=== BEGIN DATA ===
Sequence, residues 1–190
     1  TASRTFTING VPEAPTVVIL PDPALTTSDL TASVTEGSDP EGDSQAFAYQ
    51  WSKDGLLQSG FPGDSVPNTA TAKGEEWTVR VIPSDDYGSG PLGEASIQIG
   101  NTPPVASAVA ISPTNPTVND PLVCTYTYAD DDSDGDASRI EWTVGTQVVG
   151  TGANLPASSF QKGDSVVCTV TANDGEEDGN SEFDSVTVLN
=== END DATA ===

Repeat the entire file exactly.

Sequence, residues 1–190
     1  TASRTFTING VPEAPTVVIL PDPALTTSDL TASVTEGSDP EGDSQAFAYQ
    51  WSKDGLLQSG FPGDSVPNTA TAKGEEWTVR VIPSDDYGSG PLGEASIQIG
   101  NTPPVASAVA ISPTNPTVND PLVCTYTYAD DDSDGDASRI EWTVGTQVVG
   151  TGANLPASSF QKGDSVVCTV TANDGEEDGN SEFDSVTVLN